Apple returns to beta testing with Yosemite, just as Microsoft downplays the ritual
'Feels like a PR exercise,' says analyst of Apple's decision to publicly beta test OS X
Computerworld - Apple has returned to public beta testing of its Mac operating system after a 14-year absence, just as rival Microsoft has begun backing away from the practice.
On Monday, Apple said that it would expand a small public beta program that launched in April to include OS X Yosemite, the visually-revamped upgrade expected to release this fall. Previously, only registered developers -- admittedly a low bar, as Apple lets anyone with $99 become one -- have been able to obtain Apple pre-release software.
"We're doing something a little unusual as well this summer. We're doing a public beta program," said Craig Federighi, who leads OS X and iOS development, near the end of his introduction of Yosemite at Apple's Worldwide Developers Conference.
The peculiarity of Apple's move can be gauged by time that's passed since it last let the general public see its operating system in the raw: In 2000, Apple offered a "Public Beta," or PB, of what was then code named "Kodiak," which ultimately shipped as OS X 10.0, better known as "Cheetah." Apple charged customers $29.95 for the privilege, somewhat understandable because in those pre-broadband days Apple fulfilled the orders with a CD. Apple's refusal to beta test its software has not gone unnoticed. At regular intervals, usually right after the launch of a new edition of OS X, users who report problems will chastise Apple for not having widely tested the software before its release, assuming that if only Apple had, those bugs would have been found and fixed.
Microsoft knows better: Historically it has run extensive public beta tests of Windows, giving the public much longer looks than the five months Apple intends with Yosemite, and putting the OS into the hands of many more people than will Apple, which has limited the beta to one million participants. And still bugs make it through to the final Windows.
Yet betas are valuable, argued Wes Miller, an analyst with Directions on Microsoft who once worked at the Redmond, Wash. company as a program manager in the Windows Core OS team.
"Because we were dealing with 'white box' PCs that could have hardware or software from all over the place, bad antivirus, and more, betas -- and especially install fairs -- were useful to gauge real world experiences of what was, and was not working correctly, early," Miller recounted in an email reply to questions. "I saw them as an invaluable cycle of the development process."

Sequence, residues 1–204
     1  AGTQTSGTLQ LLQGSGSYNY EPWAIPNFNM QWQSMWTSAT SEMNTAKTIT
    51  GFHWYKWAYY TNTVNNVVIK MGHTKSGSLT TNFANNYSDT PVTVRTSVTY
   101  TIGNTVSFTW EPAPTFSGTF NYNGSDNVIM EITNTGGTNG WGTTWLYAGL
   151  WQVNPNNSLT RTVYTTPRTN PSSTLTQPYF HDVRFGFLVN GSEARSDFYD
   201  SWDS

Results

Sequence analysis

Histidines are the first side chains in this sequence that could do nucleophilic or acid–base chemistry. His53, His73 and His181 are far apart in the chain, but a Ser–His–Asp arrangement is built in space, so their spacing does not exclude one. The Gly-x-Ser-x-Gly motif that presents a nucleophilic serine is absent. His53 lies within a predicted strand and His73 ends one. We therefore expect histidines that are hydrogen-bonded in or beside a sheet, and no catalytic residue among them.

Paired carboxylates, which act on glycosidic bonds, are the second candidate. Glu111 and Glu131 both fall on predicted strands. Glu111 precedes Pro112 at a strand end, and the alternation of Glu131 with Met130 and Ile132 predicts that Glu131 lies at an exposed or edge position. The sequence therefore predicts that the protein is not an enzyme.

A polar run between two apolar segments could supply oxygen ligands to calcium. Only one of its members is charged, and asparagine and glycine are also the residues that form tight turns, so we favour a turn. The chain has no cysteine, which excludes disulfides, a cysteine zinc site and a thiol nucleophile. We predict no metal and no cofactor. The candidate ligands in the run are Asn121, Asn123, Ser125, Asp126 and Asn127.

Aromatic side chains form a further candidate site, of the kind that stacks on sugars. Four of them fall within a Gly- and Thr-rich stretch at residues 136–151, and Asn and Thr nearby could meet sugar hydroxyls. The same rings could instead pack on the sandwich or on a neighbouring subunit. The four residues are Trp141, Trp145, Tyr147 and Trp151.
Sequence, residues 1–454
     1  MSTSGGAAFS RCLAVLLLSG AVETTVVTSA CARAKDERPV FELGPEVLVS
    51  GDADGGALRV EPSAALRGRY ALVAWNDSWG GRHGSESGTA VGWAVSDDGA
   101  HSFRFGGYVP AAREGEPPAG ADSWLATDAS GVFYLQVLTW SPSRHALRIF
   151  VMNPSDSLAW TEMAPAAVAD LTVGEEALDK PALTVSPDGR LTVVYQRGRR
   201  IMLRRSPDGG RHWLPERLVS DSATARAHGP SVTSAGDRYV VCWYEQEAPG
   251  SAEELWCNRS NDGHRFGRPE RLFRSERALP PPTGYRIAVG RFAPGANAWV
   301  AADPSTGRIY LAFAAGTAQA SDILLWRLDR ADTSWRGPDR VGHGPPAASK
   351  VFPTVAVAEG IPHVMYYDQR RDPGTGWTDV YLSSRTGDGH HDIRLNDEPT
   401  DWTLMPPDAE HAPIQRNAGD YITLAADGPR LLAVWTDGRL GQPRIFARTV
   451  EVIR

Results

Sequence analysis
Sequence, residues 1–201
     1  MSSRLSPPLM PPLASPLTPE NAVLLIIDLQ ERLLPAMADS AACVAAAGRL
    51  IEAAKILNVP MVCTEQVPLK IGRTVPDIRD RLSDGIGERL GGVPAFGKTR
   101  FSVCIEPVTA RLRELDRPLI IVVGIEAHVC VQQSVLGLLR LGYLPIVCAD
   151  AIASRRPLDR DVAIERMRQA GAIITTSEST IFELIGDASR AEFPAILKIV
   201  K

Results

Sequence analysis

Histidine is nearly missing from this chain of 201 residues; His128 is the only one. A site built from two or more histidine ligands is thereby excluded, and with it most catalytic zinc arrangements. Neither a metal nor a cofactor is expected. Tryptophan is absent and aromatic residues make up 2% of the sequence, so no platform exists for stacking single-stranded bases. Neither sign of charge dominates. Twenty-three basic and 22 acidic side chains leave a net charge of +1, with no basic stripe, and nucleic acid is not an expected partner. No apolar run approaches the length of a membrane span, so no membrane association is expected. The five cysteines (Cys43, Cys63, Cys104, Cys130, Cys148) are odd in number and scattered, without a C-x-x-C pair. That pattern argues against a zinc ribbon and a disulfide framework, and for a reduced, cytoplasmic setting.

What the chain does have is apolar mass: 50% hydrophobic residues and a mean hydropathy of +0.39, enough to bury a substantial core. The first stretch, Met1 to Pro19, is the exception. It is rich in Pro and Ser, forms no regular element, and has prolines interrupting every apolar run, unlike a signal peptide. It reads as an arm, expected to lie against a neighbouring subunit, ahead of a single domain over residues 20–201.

In general, betas serve three purposes, said Miller: feedback on what new features are or are not working as intended, feedback on what once worked but now broken, and evangelization. "One can argue about the order of those in importance," he said.
Unlike Apple, Microsoft has a tradition of long, large beta tests.
For Windows 8, Microsoft kicked off the first preview in mid-September 2011 and offered two additional builds before releasing the software in October 2012, testing for 13 months. One million copies of the March 2012 Windows 8 Consumer Preview were downloaded in its first 24 hours of availability, according to Microsoft.
The cycle before that, Microsoft shipped Windows 7 nine months after it kicked off the first beta in January 2009. Although Microsoft had initially set a limit of 2.5 million participants, it scratched that after a botched start and eventually extended availability long enough to make some wonder if there had been as much interest as the company claimed.
- QuickPoll: Is Apple smart to release a public beta of OS X Yosemite?
- Apple unwraps OS X Yosemite public beta Thursday
- OS X Yosemite public beta nears release
- Dev interest in OS X Yosemite is 4X what it was for Mavericks in '13
- Google answers Apple's 'Continuity' with partial measures
- Support clock ticks on Office for Mac 2011, but heir nowhere in sight
- OS X Snow Leopard desertion rate accelerates after patches stop
- Yosemite's 'Handoff' will work only on Macs less than 2-3 years old
- Microsoft should grab Apple's 'Handoff' for Office
- Devs can 'Handoff' iOS apps to browser-based UIs on Macs
- Comprehensive Advanced Threat Defense The hot topic in the information security industry these days is "Advanced Threat Defense" (ATD). This paper describes a comprehensive, network-based approach to...
- Advanced Threat Defense: A Comprehensive Approach In this interview, Peter George, president, General Dynamics Fidelis Cybersecurity Solutions, explains why we need more than anti-malware, and what constitutes a comprehensive...
- Market Overview: Digital Customer Experience Delivery Platforms Forrester states that businesses today struggle to understand and use the tools necessary to create and manage unified, multichannel digital customer experiences across...
- The Growing Demand for Rich Media This white paper discusses how IBM Customer Experience Suite Rich Media Edition can automate rich media workflows, from collaborating with creative agencies and...
- It's not too late...Get Your Mobile Questions Answered Live! How can IT provide seamless and secure mobile communications and collaboration for all? Join this live Webcast as IDG asks an expert panel...
- On-demand webinar - 7 Keys to Service Catalog Implementation Success Watch this webinar to learn 7 crucial keys to make your service catalog a success! All Mac OS X White Papers | Webcasts
Our new weekly Consumerization of IT newsletter covers a wide range of trends including BYOD, smartphones, tablets, MDM, cloud, social and what it all means for IT. Subscribe now and stay up to date!